How Does Colonial Origin Matter for Economic Performance in Sub-Saharan Africa?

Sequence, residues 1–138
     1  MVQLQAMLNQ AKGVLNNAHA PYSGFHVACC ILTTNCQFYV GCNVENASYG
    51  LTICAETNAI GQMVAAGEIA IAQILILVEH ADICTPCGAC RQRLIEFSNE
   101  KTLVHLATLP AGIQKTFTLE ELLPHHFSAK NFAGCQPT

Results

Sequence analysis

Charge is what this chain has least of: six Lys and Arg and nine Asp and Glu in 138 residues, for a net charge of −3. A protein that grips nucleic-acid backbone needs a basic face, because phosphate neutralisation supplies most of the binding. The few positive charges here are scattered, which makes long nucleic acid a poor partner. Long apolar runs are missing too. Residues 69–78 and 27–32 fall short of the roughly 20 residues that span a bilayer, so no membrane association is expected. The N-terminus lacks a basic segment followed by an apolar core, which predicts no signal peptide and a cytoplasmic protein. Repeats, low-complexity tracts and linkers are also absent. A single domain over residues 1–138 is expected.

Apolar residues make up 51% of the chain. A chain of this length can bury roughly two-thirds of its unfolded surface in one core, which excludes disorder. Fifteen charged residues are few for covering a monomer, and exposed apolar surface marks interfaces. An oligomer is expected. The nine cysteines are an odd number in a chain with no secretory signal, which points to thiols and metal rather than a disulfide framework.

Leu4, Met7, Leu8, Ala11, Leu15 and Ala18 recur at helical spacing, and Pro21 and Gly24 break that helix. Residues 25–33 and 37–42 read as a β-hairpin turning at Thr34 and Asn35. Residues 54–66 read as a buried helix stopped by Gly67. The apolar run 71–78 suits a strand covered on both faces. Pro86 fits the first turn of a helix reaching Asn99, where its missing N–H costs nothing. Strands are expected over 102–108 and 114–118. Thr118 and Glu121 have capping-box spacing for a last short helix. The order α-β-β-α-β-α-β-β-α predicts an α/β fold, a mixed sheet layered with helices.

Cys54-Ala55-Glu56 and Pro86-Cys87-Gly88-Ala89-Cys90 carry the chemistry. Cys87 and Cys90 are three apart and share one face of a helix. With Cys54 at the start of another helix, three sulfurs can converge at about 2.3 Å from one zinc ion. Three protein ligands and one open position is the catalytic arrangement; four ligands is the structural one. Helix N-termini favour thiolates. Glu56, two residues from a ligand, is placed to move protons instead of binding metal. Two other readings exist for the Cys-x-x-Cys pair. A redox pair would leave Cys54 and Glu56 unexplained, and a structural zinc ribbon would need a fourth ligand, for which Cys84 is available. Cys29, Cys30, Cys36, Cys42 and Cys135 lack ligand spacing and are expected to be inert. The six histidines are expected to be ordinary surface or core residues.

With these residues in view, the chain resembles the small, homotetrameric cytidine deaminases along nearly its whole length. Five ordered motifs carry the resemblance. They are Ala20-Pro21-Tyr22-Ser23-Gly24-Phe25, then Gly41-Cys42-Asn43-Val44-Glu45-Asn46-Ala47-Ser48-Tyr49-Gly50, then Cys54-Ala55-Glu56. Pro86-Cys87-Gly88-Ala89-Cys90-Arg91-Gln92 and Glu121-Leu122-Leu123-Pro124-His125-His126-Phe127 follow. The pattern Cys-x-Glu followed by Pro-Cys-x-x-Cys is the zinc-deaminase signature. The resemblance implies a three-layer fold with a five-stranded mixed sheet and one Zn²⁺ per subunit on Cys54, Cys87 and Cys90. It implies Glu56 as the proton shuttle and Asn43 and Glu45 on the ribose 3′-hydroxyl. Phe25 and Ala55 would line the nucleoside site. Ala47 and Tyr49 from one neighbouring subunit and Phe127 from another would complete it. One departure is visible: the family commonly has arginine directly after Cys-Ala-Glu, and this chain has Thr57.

This paper investigates some of the existing hypotheses regarding the transmission of different colonial legacies to modern day economic growth. The fact that different colonial strategies were pursued by different colonizers in various territories suggests possible ramifications for current development paths. This paper attempts to understand why economic growth performance is different even among African countries, where former British colonies appear to do marginally better. It focuses on two key channels of transmission, namely education and trade. Thirty-six Sub-Saharan African countries during the period 1960–2000 are considered using Hausman-Taylor estimation technique in an annualized panel data framework. In contrast with the methodology of previous studies where only the initial conditions at independence were held to influence the post-colonial growth path, this study attempts to distinguish the direct influences of colonization from the indirect influences by combining both the initial conditions at independence alongside the subsequent post-independence changes in explaining growth differences amongst former Sub-Saharan African colonies. The results suggest that the indirect influences of colonial educational policies matter more for post-colonial growth than the direct influences.